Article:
It was 1917 when aviation pioneer Glenn Curtiss built his Autoplane, a big, ugly, ungainly thing that really did fly. But the entry of the United States into World War I halted any movement toward mass production. After World War II, though, the idea of personal aircraft really took off. The war left the country with tens of thousands of trained pilots and manufacturing capacity to build aircraft for them.
In the 1950s, the first model to make it to market—nearly—was the famed Taylor Aerocar, the brainchild of former Navy pilot and Seattle resident Molt Taylor. The "Car with the Built-In Freeway," as one ad put it, certainly became famous. Raul Castro, Fidel's brother, rode in one, and another appeared in the television series The Bob Cummings Show. Taylor reportedly came close to getting Detroit to produce the car, but concerns about its safety and marketability killed the deal. The Aerocar never became more than a collector's item.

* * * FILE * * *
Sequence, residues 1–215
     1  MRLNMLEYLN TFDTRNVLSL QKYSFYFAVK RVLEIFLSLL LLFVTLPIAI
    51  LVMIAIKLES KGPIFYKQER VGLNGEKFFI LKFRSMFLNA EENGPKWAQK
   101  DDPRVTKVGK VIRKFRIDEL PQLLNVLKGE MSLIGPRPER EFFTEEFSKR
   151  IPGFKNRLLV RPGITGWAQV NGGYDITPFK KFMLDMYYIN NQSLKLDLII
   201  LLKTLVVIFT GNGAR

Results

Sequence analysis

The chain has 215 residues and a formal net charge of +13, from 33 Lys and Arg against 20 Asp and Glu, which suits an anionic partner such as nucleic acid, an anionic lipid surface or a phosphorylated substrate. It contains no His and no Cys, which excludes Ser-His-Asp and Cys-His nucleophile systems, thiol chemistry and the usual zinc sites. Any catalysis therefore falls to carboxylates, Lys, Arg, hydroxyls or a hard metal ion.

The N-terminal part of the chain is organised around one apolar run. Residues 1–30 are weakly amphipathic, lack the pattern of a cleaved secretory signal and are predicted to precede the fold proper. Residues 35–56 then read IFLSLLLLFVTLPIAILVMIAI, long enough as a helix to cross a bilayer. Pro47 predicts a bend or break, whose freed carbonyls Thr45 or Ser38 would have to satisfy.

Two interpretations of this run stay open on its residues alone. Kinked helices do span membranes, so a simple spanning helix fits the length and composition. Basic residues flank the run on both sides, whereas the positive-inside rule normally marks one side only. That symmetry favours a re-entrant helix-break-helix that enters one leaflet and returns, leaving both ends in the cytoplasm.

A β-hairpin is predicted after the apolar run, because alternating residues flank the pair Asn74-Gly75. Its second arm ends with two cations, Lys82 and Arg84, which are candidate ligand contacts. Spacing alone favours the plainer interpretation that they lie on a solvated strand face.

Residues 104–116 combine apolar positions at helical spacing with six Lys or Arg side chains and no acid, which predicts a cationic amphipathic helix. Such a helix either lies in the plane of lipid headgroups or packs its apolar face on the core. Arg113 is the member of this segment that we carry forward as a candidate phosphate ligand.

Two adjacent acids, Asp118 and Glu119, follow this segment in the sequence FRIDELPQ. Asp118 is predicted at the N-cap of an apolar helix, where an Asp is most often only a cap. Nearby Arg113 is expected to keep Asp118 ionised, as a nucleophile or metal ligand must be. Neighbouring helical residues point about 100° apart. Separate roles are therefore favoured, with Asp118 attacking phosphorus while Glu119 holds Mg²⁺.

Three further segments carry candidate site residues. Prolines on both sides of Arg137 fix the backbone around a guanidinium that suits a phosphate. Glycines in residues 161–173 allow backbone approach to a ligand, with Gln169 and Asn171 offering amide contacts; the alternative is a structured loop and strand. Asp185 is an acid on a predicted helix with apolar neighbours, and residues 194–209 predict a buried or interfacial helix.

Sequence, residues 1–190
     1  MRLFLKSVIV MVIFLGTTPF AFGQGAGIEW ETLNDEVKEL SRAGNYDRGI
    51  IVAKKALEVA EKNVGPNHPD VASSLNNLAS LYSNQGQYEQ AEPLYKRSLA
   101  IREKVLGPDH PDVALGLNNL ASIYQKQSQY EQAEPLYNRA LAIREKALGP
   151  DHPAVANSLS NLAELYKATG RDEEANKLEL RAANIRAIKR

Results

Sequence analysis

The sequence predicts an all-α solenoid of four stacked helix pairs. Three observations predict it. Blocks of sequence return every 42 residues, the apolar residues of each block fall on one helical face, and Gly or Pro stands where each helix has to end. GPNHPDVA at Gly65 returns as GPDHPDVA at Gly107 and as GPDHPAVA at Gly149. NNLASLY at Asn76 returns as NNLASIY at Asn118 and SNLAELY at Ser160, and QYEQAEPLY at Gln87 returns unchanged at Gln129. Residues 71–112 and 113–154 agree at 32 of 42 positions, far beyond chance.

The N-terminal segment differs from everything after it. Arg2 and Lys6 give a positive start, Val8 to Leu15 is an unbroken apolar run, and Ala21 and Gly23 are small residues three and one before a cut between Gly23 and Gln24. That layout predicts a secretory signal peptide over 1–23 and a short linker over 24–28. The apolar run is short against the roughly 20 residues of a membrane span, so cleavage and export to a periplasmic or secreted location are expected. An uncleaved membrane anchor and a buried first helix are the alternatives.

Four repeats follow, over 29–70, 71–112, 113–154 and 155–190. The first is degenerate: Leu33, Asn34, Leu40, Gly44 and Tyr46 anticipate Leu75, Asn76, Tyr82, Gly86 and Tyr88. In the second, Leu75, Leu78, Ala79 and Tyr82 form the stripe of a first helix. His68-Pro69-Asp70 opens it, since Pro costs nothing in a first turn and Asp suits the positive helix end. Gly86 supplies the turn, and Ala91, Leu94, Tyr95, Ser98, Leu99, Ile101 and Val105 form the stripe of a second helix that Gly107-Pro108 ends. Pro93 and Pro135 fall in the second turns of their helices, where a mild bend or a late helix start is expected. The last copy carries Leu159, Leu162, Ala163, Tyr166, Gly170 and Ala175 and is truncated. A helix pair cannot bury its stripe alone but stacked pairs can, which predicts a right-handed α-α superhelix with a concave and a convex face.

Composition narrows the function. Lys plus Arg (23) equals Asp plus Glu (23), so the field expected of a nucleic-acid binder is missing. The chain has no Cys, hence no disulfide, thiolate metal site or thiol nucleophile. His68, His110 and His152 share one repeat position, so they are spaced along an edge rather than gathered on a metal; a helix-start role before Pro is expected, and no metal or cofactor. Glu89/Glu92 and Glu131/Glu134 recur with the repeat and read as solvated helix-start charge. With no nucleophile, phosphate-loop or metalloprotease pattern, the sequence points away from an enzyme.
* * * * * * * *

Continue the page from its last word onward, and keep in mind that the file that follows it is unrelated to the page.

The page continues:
Then, in the 1970s—and 1980s, and 1990s, and 2000s—aviation enthusiasts were promised the Skycar, brainchild of inventor Paul Moller. His vehicle wins style points, looking like a juiced up, floating Batmobile. But Moller never got the business end right, either. He supposedly spent a quarter-billion dollars developing the vehicle, which has never gone into production. In the 2000s, he ended up in trouble with the Securities and Exchange Commission for "false and misleading statements about the company's imminent listing on the NYSE and the Nasdaq Stock Market, the projected value of company shares after such listing, and the prospect for Skycar sales and revenue."